Cleansing the body through the soles


November 16, 2008|By Janet Gilbert | Janet Gilbert,Special to The Baltiimore Sun

The voice-over claims that Kinoki Detox Foot Pads suck the toxic waste out of your body through the soles of your feet.

While you sleep, no less.

The infomercial begins with a shot of a kimono-clad Japanese beauty removing a pristine pad from her foot, followed immediately by clips of assorted weary Americans removing grimy, black-brown pads from their tootsies.

All the while, a laundry list of toxins scrolls over an image of a hot dog with mustard and a large soda. The foot pads purport to remove metabolic wastes, parasites, chemicals, cellulite, even heavy metals - which I can only assume includes bands such as Metallica and Iron Maiden. Why, for this reason alone, the foot pads have merit.

(Note to heavy metal fans: Please do not send irate e-mails. I was only kidding. And anyway, I have the volume cranked up on "Crazy Train," and, as we used say on the playground back in the day, "Can't hear ya! Can't hear ya!")

A few months ago, I was shopping for some plausible items in a local Bed, Bath and Beyond store, when suddenly the Kinoki foot pads display - with its neon "AS SEEN ON TV" starburst - caught my eye. I picked up a package, wondering why this reasonable store would carry this seemingly ludicrous product. And then I realized that detoxifying foot pads probably fall into the "beyond" category.

The price, sadly, was more than I could justify for a prank gift. And yet, as an investigative humor columnist, I was compelled to make the purchase and write it off on my taxes as research.

At first, I thought I would save the foot pads, divvying them up among my children at Christmas. What better place for detoxifying foot pads than a stocking. Why, they might even have the added benefit of drawing the poisons of holidays past from the room on Christmas Eve. I could just imagine all of the dense, sugary treats, all the off-key caroling, all of the stress of shopping being pulled from the room, leaving us with only a peaceful peacefulness and tranquillity.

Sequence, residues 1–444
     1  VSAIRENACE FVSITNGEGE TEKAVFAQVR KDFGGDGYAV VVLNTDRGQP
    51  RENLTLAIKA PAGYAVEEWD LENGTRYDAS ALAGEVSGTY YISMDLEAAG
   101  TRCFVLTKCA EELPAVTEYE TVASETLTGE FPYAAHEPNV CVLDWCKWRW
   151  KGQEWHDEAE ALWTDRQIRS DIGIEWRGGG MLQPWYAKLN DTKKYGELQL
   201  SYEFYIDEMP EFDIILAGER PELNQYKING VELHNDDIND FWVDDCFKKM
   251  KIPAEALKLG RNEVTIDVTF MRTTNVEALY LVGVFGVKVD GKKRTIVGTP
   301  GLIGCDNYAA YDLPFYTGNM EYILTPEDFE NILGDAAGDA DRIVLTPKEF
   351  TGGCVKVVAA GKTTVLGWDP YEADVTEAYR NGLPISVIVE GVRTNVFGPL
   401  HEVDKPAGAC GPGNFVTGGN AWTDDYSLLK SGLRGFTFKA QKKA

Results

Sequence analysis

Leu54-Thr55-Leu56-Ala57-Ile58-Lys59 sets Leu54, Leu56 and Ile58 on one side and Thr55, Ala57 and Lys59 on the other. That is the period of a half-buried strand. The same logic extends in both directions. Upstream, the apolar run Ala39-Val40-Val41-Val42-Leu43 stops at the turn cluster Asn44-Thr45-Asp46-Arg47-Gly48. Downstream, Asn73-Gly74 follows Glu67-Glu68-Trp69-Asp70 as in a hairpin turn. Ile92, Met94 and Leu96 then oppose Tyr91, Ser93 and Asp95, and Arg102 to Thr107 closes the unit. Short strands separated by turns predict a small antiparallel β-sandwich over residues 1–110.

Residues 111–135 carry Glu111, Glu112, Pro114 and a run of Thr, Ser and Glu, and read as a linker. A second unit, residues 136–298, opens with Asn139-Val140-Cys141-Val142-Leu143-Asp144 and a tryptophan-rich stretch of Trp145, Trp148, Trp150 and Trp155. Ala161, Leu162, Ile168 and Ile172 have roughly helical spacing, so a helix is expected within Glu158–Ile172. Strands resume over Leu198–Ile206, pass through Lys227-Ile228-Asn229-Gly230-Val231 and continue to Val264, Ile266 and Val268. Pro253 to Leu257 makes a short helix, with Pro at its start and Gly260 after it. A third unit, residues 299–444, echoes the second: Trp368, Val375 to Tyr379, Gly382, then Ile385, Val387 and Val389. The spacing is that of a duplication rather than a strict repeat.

But no. There are two kinds of people in the world: people who can delay gratification, and GT-science-fair-oriented columnists who must test the merits of the Kinoki foot pad posthaste.

As soon as I got home, I announced my shopping coup to my three children, who quickly gathered round. No doubt years of toxic exposure caused them to have an irrationally fervent reaction to my procurement of the product. A spirited discussion ensued on the timing and methodology of the Janet's World Kinoki experiment.

Later that evening, the kids gathered on mom and dad's bed - where they have made themselves welcome ever since they were born - for the application of the Kinoki pads.

"I'm not participating," my husband said.

"Oh, come ON, Dad," my daughter said. "I'm doing it!"

"I don't respond to peer pressure," he said.

"Well," I said in a snippy tone, "Just steep in your toxins, then!"

The four of us each applied a foot pad on our dominant foot and said we would compare our toxin levels in the morning.

My daughter woke first, complaining that she hardly slept. The pad bothered her.

"I don't care if it removes toxins, it's annoying," she said.

My youngest son's foot pad tore off sometime during the night because of his violent dream of a sword fight with a Japanese warlord.

So that left three of us.

"Eeeew," we remarked astutely, as we removed our soiled foot pads.

Indeed, each one had turned brownish-black, and left an oily residue on the soles of our feet. But we all felt remarkably better.

I think it's because we knew we were going to the local diner to discuss the results, and load up on some hearty breakfast toxins including coffee, hash browns and bacon.

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